Usually life insurance companies take 30-60 days to process a beneficiary’s claim for death benefits, but often payouts get delayed. This article explains the various circumstances under which a life insurance may reasonably delay paying your claim.
If none of these reasons seem to apply to your claim, contact the experienced life insurance lawyers at Boonswang Law. We have helped thousands of life insurance beneficiaries nationwide get their payout, and we can help you too. You may even be entitled to interest on your claim for death benefits due to the delay! Call us today to discuss your claim – free of charge!
Why Life Insurance Companies Delay Claims
Life insurance companies can reasonably delay paying life insurance claims for the following reasons:
- Investigation of the insured, death within the contestability period
- Late-filed death benefit claims
- The insured died as a result of homicide
- Missing documentation
- The beneficiary changed shortly before death
- Unclear beneficiary designation
- The primary beneficiary has died, and there are not two primary beneficiaries
- The policy has no beneficiary
- There is a beneficiary contest
Reasons a Life Insurance Claim Delays
The Insured Died During the Contestability Period
If the insured dies within the first two years of the policy term, called the “contestability period,” the life insurance company has the power to investigate the insured’s responses to the questions on the initial application and medical questionnaire. This investigation can delay the beneficiaries’ payout.
If an investigation shows that a fact was omitted or is untrue on the insured’s application for life insurance or medical questionnaire, the life insurance company has the power to rescind the policy – meaning, the policy gets cancelled as if it never existed. Life insurance rescission exists as a matter of policy to deter those applying for life insurance to lie to get a lower premium payment. However, many times, innocent mistakes are harshly punished with rescission and the beneficiaries get nothing.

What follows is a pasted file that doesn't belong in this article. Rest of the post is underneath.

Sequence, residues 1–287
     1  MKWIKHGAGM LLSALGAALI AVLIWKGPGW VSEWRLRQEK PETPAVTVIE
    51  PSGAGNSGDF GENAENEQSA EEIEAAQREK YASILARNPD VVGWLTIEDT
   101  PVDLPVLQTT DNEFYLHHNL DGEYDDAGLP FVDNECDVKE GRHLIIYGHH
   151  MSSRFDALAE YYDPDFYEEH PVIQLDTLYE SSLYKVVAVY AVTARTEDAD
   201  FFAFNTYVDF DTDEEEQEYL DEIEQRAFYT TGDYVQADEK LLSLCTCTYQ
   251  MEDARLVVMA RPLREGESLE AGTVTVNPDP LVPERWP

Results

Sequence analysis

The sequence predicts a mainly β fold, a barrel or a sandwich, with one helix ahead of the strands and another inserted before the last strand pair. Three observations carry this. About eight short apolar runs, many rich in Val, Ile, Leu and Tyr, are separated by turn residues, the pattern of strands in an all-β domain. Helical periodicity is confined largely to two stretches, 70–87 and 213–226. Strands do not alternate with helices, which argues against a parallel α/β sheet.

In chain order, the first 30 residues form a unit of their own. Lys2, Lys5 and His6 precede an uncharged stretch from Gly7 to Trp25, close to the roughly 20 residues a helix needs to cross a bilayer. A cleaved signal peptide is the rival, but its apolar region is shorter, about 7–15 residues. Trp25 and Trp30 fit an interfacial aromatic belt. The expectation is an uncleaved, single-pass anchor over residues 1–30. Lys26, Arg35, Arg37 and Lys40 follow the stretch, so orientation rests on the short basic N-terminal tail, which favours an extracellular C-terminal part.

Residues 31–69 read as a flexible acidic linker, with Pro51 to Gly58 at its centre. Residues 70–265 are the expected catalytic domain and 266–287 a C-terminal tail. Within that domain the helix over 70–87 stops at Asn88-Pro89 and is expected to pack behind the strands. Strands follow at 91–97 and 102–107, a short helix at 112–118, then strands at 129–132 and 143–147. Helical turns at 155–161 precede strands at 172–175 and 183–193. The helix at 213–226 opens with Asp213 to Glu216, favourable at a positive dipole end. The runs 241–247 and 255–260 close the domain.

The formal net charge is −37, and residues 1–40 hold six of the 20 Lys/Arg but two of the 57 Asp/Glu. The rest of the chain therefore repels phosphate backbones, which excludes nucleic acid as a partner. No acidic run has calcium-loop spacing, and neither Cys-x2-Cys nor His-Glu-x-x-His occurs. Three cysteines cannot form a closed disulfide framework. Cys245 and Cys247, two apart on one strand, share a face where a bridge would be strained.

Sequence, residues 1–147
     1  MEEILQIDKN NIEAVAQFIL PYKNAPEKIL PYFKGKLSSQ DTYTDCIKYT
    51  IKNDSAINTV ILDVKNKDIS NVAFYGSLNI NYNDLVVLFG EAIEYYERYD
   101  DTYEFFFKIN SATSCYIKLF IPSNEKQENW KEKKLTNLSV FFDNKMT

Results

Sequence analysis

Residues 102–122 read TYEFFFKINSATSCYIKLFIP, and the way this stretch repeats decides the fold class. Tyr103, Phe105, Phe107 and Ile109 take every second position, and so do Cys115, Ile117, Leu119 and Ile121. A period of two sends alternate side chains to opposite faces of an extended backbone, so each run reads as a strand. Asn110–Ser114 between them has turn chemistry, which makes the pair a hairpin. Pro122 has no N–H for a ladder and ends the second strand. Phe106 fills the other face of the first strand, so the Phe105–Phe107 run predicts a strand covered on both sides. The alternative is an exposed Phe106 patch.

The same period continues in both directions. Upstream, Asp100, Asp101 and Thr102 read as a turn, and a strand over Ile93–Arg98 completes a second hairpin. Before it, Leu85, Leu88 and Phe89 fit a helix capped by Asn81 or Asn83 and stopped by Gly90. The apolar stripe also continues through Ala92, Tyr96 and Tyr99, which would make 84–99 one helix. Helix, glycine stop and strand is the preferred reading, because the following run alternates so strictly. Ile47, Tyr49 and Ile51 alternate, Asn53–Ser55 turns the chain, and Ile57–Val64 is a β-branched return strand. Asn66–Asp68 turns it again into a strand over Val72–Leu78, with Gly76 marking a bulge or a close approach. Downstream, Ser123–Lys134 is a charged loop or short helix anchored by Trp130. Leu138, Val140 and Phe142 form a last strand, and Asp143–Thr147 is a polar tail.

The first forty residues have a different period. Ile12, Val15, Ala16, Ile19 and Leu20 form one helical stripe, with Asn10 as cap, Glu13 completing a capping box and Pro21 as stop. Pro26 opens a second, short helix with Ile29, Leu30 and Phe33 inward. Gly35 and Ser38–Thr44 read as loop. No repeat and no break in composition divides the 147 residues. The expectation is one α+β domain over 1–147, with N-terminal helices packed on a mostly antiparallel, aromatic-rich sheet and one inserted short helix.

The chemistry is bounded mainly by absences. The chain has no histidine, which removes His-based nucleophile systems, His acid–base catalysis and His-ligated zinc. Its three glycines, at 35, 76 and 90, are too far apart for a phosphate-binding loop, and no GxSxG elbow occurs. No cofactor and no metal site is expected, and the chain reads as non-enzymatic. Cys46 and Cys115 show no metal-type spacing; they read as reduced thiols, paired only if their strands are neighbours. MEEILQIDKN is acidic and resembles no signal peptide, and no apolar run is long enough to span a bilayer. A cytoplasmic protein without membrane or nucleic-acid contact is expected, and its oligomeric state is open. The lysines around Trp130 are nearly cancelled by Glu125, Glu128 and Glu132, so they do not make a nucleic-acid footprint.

In cases of rescission, we are often able to get our beneficiary clients paid by showing that the insured had no intent to deceive, or by showing that the omitted or mistaken fact had nothing to do with the insured’s cause of death. In these cases we often settle with the life insurance company for the amount of the death benefit minus what the insured would have paid in premiums had the life insurance company known of the omitted or mistaken fact.
If your life insurance claim is being delayed or was denied due to alleged misrepresentation and life insurance policy rescission, call our experienced life insurance attorneys for help. Do not take no for an answer!
Click here if the policyholder died after the contestability period.
The Beneficiary Files a Claim Late
If there are multiple beneficiaries and one does not file their claim at the same time as the others, that delays payment of the other’s claims. Also, if a beneficiary takes months or even years after the death of the insured to file their claim, the life insurance company will take time to look into it.
Death Due to Homicide
If the insured was murdered, the life insurance company will wait to pay a claim until the beneficiary gets cleared of the crime by police. This often delays the payout, as a murder investigation can take some time.
Inaccurate or Insufficient Documents
If the beneficiary does not submit a death certificate, or does submit a death certificate but it does not contain the information the life insurance company requires, this delays payment of beneficiaries’ claims.
Delay in payment of death benefits is frequently a problem when the insured dies overseas. Foreign documents that do not contain the same information as a domestic death certificate will be insufficient proof of death for the insurance company. Often, a beneficiary has to go back and forth with the foreign government involved to try to get the insurance company the documentation they need.